Robert Boyle Nicholas
1744-80. He was the son of William Nicholas of Froyle, Hampshire, and of his first wife, Harriet Boyle, the daughter of George, 1st Earl of Cork and Orrery. The family was descended from Sir Edward Nicholas, the secretary of state to both King Charles I and Charles II.
Nicholas was commissioned lieutenant on 5 June 1772, and in 1774 took the Hind 24 out to the Leeward Islands where Captain William Garnier assumed command of her. In August 1777 he became first lieutenant of the Portland 50, Captain Thomas Dumaresq, being based at Antigua, and he was promoted commander on 15 January 1778 upon joining the sloop Beaver 14 on the same station. He returned to England with the Grasshopper 14, and by October was serving at Guernsey. She was subsequently paid off at the end of the year after he had made complaints about damage sustained by her running aground in the West Indies.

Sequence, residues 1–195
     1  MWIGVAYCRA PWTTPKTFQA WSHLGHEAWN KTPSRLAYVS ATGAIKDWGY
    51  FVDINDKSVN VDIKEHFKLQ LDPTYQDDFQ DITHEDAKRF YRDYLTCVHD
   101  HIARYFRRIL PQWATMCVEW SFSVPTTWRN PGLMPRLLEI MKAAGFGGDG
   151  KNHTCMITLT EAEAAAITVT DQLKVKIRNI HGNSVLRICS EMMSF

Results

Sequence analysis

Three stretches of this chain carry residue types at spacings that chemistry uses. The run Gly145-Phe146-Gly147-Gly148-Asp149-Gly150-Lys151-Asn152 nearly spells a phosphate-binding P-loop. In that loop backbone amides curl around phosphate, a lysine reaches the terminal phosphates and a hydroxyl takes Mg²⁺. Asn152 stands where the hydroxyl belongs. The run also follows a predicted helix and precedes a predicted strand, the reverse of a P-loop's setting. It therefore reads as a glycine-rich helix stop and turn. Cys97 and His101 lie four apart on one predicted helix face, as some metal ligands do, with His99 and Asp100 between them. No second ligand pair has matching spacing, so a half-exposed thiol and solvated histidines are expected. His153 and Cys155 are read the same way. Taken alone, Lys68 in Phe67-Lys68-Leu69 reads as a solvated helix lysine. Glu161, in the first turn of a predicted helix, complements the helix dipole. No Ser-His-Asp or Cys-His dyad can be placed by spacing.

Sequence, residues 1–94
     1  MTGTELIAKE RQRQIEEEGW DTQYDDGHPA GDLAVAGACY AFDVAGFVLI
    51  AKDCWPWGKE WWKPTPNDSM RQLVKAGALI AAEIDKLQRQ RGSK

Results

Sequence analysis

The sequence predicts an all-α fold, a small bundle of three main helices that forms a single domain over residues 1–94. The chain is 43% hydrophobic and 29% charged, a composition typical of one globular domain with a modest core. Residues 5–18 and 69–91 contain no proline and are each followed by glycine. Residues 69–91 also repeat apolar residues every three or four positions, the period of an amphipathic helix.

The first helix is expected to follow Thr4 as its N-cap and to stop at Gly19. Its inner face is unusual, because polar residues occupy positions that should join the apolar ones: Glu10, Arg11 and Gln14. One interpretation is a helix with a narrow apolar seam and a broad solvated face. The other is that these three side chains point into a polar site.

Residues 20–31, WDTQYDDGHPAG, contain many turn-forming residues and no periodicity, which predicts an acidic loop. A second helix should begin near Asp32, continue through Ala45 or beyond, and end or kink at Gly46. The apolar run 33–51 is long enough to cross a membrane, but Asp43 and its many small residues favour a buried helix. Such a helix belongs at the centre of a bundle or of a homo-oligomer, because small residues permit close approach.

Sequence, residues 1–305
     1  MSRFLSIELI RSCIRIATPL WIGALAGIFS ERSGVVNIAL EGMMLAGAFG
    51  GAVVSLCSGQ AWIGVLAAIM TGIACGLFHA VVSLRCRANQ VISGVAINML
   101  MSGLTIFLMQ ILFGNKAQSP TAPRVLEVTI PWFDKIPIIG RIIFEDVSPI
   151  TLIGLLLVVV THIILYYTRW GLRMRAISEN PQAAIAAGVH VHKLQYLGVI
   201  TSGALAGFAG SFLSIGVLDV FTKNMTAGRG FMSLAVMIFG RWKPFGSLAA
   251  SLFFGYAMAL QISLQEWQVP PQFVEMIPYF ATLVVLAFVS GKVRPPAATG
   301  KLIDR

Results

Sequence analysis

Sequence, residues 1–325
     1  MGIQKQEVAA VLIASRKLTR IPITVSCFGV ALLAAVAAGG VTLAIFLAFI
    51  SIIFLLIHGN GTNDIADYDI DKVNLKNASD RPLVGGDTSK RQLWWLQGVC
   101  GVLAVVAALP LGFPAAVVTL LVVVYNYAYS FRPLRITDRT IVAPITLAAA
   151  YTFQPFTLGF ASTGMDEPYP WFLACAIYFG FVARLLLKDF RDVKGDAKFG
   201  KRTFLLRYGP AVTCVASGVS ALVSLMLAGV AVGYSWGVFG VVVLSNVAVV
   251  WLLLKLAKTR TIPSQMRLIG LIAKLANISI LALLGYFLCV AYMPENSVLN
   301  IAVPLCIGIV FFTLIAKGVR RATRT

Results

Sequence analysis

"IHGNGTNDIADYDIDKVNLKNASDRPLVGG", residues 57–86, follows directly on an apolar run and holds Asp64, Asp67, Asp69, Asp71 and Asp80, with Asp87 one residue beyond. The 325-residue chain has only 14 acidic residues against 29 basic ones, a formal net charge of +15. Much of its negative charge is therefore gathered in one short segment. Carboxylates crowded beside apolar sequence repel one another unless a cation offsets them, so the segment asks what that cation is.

He was posted captain of the Romney 50 on 19 April 1779 and briefly flew the broad pennant of Commodore George Johnstone. A month later he removed to the Scarborough 20, recommissioning her for service in the Channel and participating in the retreat from the allied armada during August. He retained her until the following February when he joined the Thunderer 74, flying the broad pennant of Commodore Hon. Robert Boyle Walsingham, and sailing for the Leeward Islands in May, but not arriving until July because of contrary weather. The Thunderer then continued on to Jamaica with Rear-Admiral Joshua Rowley’s reinforcements.
Nicholas lost his life when the Thunderer foundered without trace during the Great Hurricanes of October 1780.
He was unmarried, and upon his death his property, Newton Valence Manor House, passed to his sister, Charlotte.